Focus on areas where a customer request passes between many different people before it is filled. There are usually ways to improve or eliminate hand off time. Possibly there are many 'specialists' involved in a process when really they need one generalist and an expert system. These types of projects are difficult because many business units will need to cooperate to accomplish an improvement - but at the same time this is where the highest return can be.

  • by Nonesuch ( 90847 ) on Monday August 12, 2002 @05:33PM (#4057499) Homepage Journal
    A major gripe I have seen at a number of large corporations is that the in-house "IT" groups (web development, server administration, software engineering,etc) become:
    1. Greedy.
    2. Lazy.
    3. Incompetent.
    Greedy. I constantly see internal web development groups quote even a tiny, simple web site as dozens of hours and thousands of dollars, a price that would have been outrageous even in the pre dot-bomb days. Then they have the never to say "Why do you care how much we bill? It's all internal chargebacks, so it's really just 'play money'!"

    Lazy. All too often, in order to complete a project on time, I end up building and maintaining my own servers instead of handing off server installs and maintenance to the in-house "server management group". Why should the internal sysadmins be pro-active when there is no penalty for slow response time, no competition for customers, and when they know that by doing nothing, the most demanding customers will eventually just go away and solve their own problems?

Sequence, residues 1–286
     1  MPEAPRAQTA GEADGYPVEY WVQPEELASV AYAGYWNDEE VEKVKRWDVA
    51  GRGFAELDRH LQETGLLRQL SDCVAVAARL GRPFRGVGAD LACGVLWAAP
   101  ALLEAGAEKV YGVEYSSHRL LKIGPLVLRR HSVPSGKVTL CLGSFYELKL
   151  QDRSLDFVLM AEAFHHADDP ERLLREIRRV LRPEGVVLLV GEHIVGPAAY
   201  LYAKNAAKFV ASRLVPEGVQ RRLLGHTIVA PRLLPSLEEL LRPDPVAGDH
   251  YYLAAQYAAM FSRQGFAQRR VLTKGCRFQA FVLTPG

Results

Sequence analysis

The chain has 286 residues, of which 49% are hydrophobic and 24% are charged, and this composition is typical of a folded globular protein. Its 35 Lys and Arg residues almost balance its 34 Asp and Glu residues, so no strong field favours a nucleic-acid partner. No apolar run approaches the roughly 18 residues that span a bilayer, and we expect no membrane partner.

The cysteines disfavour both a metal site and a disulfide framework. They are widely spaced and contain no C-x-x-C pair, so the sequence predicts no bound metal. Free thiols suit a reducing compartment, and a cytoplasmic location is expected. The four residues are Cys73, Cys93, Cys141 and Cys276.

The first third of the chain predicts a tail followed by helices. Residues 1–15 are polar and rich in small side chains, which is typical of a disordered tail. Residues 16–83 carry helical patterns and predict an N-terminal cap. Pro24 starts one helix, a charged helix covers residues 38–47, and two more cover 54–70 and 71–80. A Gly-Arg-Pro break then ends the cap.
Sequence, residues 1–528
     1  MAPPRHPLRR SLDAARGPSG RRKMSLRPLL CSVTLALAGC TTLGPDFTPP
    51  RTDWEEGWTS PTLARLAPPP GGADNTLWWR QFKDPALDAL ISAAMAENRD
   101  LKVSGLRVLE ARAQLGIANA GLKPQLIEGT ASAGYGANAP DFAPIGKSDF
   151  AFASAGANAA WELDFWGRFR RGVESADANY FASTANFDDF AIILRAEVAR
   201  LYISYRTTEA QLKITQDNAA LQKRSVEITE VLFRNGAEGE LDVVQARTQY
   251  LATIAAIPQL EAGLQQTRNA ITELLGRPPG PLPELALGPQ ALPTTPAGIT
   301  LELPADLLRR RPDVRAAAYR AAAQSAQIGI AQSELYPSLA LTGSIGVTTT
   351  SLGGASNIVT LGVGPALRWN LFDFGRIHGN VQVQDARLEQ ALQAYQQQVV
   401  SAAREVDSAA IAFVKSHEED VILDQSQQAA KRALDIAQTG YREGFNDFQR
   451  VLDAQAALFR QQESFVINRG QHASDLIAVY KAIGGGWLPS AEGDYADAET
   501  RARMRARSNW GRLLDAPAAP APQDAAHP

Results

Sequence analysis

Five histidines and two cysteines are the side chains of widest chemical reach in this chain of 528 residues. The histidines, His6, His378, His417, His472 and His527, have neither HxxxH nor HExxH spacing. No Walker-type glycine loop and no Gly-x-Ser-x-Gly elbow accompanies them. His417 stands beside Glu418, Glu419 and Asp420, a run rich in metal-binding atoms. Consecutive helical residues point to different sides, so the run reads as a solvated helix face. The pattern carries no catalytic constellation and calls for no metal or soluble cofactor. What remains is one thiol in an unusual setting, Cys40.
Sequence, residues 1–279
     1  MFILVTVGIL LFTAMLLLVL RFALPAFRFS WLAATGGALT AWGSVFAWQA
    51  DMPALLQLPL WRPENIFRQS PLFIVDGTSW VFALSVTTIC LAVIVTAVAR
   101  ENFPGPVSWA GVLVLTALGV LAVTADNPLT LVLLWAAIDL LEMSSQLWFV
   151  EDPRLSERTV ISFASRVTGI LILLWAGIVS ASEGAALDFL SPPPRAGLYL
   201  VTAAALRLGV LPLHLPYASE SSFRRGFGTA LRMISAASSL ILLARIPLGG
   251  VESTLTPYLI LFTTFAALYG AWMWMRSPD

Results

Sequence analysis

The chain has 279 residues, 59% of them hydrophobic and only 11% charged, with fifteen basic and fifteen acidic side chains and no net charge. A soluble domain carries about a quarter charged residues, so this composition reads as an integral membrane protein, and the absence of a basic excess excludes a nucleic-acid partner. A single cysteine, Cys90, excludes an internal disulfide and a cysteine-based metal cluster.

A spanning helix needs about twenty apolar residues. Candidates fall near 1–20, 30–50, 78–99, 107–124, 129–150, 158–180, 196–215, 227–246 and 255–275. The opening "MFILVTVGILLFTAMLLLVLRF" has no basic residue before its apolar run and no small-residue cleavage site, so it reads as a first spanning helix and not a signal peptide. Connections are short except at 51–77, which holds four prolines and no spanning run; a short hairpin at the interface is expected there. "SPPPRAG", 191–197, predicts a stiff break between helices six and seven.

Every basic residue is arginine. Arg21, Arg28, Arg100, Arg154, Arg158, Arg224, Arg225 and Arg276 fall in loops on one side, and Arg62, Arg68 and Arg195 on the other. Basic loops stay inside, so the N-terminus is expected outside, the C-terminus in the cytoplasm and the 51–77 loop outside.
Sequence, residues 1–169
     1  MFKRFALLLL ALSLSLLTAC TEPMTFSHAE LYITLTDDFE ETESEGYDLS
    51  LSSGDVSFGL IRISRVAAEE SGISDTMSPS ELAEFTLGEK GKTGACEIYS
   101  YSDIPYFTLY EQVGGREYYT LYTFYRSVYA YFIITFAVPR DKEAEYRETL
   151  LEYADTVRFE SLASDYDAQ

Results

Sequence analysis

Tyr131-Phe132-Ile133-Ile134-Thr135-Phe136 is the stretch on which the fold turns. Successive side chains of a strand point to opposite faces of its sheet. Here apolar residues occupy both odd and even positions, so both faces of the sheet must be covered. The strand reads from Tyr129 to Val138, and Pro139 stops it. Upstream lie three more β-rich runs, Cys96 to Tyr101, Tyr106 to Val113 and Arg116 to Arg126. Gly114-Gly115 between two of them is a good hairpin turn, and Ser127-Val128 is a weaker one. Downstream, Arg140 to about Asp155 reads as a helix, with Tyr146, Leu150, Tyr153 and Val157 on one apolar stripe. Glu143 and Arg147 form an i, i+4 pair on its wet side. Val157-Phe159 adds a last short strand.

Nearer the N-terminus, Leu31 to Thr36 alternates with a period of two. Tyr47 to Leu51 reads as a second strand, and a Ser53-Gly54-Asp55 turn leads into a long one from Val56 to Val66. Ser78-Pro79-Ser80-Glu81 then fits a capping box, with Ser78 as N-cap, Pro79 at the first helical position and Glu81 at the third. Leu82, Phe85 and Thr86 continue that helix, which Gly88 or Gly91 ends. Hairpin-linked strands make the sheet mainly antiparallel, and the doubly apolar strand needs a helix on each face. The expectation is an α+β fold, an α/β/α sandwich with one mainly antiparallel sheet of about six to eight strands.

Incompetent. As firms cut down on staff and cut out the perks, their most qualified web developers and sysadmins are recruited by headhunters or flee to better, more stable positions as each round of downsizing takes it's toll on morale. In the end, with very few exceptions, the only staff who remain are those not talented enough (or too apathetic) to move on to a better job.

    In my experience, in many larger organizations, IT staff might once have been an undervalued asset, but in the past year, most of the valuable staff have fled for greener pastures.

  • by bwt ( 68845 ) on Monday August 12, 2002 @05:33PM (#4057500) Homepage
    "IT" always represented this flashy thing where the company was paying a bazillion dollars to move everything to platform X with some flashy vendor and new "in" technology. This type of IT is dead. It's dead because people started to see it as an end in iteself, and somebody finally asked "where's the bang for the buck in our core business operations?"

    I've always felt that simply polishing the hell out of your internal apps is the best way to spend money on IT. It's pretty easy in most business system to find ways to take business functions that take a minute or two but are done by several hundred / thousand people a day (or more) and reduce them by 50-90% time-wise. If those take a month or two each of programmer time, that is big-time ROI.

    Lets say the programmer makes double what the typical business process user costs. If it takes the programmer two months to do a project and the net result is that a business function/transaction occurring 480 times a day is cut from 90 seconds to 30 seconds, then the project pays for itself in four months. That kind of work isn't sexy, but it sure does pay for itself, especially when departments can delay hiring more people because their existing folks are more productive.